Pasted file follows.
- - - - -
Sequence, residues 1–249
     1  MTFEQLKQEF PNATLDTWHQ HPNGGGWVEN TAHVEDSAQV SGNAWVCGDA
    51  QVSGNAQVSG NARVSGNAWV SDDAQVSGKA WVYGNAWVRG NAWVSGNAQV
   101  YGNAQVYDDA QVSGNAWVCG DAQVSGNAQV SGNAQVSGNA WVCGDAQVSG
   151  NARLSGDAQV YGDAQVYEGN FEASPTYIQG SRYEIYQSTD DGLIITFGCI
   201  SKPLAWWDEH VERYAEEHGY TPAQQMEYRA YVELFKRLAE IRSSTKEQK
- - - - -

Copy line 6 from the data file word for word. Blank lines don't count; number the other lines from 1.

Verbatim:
   201  SKPLAWWDEH VERYAEEHGY TPAQQMEYRA YVELFKRLAE IRSSTKEQK